As blueberry harvest nears the end in North Carolina, a few important insect related issues require some attention.
Spotted wing drosophila in processing fruit
Rainfall makes SWD
management more challenging, as growers have discovered in the last two months. As we move into the end of blueberry harvest,
fruit being picked for processing is at higher risk for spotted
wing drosophila (SWD) infestation for several reasons: It is often
softer than fruit picked for the fresh market, and SWD prefer soft fruit; Processing fruit may be harvested less frequently than
fresh market fruit, increasing the time ripe berries are exposed
to SWD; Finally, because processing fruit is often machine
harvested, all the fruit in the field (good and bad) may be picked.
There are some strategies that growers can employ post harvest to
decrease the likelihood that SWD infested fruit will be send off
1. Hold fruit at cool temperatures. Work in our lab suggests that SWD eggs and larvae cease development at temperatures less than 41F. They will not
necessarily die at cool temperatures, but they likely will not cause further damage to the fruit. The longer fruit are held and the cooler
the temperature they are held at, the more likely that small
SWD larvae will die. Holding fruit at cooler temperatures also give growers the
added benefit of determining how significant any infestation is, as large larvae
will exit fruit as it cools.
2. Sort out soft fruit. Soft fruit are the most likely to be
infested with SWD for two reasons--egg laying SWD are more attracted to soft fruit, and because blueberries become softer as
SWD feed. If growers can remove soft fruit before sending fruit off
for processing, this will further decrease risk of infestation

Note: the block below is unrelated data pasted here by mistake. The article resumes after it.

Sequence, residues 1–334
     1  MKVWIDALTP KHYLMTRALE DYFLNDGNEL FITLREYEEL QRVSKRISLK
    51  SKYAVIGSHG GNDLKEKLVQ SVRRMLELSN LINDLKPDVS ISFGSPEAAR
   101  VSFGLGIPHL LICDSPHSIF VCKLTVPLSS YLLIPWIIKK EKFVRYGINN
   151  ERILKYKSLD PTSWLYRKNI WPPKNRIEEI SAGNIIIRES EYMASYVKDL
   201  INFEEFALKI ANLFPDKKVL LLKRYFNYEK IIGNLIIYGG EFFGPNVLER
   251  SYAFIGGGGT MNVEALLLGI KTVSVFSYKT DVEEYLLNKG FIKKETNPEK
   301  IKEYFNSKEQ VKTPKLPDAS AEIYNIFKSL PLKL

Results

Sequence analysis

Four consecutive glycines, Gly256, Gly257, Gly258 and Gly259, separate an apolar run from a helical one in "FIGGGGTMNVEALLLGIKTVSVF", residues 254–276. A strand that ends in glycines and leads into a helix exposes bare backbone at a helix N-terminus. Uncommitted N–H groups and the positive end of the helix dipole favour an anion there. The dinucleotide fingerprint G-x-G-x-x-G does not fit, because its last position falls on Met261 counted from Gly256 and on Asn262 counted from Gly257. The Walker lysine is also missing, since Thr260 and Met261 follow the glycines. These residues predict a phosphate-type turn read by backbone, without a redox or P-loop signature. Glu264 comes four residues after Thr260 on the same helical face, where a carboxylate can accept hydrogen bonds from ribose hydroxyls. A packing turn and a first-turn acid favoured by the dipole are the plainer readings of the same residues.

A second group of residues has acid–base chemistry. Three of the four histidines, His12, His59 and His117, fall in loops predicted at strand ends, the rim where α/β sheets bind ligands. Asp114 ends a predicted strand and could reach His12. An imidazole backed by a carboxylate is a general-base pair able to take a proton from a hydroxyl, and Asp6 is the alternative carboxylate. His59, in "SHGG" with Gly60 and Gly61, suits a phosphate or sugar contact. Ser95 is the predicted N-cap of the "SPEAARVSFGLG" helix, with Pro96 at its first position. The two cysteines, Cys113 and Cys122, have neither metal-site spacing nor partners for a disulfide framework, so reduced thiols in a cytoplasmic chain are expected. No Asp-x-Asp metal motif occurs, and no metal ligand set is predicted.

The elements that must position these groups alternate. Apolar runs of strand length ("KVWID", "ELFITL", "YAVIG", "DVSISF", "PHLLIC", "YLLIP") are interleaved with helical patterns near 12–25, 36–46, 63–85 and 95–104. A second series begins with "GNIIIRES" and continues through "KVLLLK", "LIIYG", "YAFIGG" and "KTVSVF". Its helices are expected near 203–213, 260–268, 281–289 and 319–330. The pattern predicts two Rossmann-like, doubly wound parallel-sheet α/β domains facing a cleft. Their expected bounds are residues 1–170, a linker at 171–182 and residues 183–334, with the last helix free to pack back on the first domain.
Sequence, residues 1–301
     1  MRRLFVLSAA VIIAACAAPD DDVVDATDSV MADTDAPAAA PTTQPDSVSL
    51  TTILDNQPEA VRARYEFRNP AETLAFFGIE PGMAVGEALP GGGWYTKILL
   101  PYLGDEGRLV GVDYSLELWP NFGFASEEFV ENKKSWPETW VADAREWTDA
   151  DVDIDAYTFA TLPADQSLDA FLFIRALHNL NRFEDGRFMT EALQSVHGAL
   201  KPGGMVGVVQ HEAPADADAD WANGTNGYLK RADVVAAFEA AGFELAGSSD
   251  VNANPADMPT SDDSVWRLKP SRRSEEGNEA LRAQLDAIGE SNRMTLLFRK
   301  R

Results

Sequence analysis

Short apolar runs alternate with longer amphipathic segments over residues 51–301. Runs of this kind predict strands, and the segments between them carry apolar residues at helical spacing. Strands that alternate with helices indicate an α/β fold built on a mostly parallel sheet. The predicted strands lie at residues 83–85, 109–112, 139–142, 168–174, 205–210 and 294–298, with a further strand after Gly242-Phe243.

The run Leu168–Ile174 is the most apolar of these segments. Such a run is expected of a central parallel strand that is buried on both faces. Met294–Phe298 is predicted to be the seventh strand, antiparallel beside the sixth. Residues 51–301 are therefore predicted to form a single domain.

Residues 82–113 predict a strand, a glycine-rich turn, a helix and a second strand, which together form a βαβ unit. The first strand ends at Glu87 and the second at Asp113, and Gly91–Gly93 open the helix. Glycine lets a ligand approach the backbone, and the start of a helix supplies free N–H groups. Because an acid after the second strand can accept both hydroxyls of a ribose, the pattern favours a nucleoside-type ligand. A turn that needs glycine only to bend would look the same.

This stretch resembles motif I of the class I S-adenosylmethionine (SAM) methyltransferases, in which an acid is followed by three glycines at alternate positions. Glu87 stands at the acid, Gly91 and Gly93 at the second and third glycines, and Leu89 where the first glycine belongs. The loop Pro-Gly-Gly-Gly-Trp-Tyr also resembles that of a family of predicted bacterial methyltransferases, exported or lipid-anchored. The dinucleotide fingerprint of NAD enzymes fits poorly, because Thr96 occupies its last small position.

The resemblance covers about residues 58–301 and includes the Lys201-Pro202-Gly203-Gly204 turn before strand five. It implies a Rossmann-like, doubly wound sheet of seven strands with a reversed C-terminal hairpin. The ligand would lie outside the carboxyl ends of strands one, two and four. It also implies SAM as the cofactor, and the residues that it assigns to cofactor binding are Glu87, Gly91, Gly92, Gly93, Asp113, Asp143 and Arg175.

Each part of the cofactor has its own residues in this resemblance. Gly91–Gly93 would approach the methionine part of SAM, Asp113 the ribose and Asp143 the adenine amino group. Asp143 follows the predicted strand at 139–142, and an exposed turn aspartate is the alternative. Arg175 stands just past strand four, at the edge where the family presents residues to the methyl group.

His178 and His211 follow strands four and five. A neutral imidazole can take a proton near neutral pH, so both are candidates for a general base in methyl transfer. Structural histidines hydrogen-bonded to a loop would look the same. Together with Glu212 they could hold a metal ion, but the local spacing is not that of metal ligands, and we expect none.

being present. I suspect our aggressive soft sorting standards for fresh market blueberries are one of the reasons that SWD has been a less significant issue in this crop than some other hosts.
3. Sample collection timing. When receiving fruit,
processors can either collect samples before or after fruit are
sorted/de-stemmed. Samples collected before fruit has been soft
sorted are not necessarily representative of the status of the fruit that will be processed. Samples of fruit after chilling and sorting, prior to
processing/freezing are likely more representative.
Post harvest leafhopper treatments
Treatments to manage sharpnosed leafhopper vectors of blueberry stunt disease
typically begin post harvest. Blueberry stunt disease is caused by a phytoplasma, and symptoms include "bushy" growth due to short, stunted branches and yellowed leaving during the growing season which may prematurely turn red and fall off in late summer. Most importantly, plants infested with stunt-causing phytoplasma do not produce
Aerial applications of ULV (ultra low volume) malathion been used in the past for
leafhoppers, due to effectiveness and ease of application. However, many growers have also used this material for SWD management during the season, and careful
attention must be paid to label restrictions on the number of applications that can be made of materials when selecting tools to manage sharpnosed leafhopper. Application limits apply to the entire growing season,
not just harvest season, so label limits on the number of applications also apply to leafhopper treatments. Application limits apply the amount of active ingredient, not the
trade names of those active ingredients. Sources for updated labels with current use restrictions include CDMS and Agrian.
Alternatives to malathion that are effective against sharpnosed
leafhopper include Assail (acetamiprid) and Asana
(esfenvalurate). Imidaclorprid and thiamethoxam are also options
for sharpnosed leafhopper. The NC Agricultural Chemicals Manual has recommendations for the use of these materials. It's important to note, however, that all these materials pose some risks to
pollinators. While blueberries are not in bloom, some of our most efficient blueberry pollinators are ground nesting bees that may remain near fields after bloom. Therefore, any insecticide treatments should be timed to leafhopper
flights, ideally determined through trapping, to provide maximum efficacy against target pests and limit unnecessary applications. See here for information on trapping and here for images to aid in sharpnosed leafhopper identification.
How should growers manage spotted wing drosophila in rainy conditions - Strawberry Growers Information Portal
Study offers new insights on invasive fly threatening U.S. fruit crops - NC State University Newsroom
Implementing IPM at the Ideal Track - NC Small Fruit & Specialty Crop IPM
Crop Data Management Systems
Label Look Up - Agrian